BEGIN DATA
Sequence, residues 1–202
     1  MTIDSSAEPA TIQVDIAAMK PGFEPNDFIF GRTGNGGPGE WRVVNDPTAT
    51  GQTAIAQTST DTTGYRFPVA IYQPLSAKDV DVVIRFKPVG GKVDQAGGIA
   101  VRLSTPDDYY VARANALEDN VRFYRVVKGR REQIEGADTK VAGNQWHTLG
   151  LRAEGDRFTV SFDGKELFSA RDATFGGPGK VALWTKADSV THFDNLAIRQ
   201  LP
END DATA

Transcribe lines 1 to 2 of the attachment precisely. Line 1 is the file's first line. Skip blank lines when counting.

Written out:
Sequence, residues 1–202
     1  MTIDSSAEPA TIQVDIAAMK PGFEPNDFIF GRTGNGGPGE WRVVNDPTAT